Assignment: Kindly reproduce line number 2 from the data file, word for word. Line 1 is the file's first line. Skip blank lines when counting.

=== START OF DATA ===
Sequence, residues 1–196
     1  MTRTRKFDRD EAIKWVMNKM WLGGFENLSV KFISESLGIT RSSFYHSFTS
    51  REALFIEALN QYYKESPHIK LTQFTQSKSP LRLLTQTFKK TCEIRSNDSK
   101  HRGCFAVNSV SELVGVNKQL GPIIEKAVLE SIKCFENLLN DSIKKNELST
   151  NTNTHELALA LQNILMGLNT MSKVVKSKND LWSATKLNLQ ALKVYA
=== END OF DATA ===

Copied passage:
     1  MTRTRKFDRD EAIKWVMNKM WLGGFENLSV KFISESLGIT RSSFYHSFTS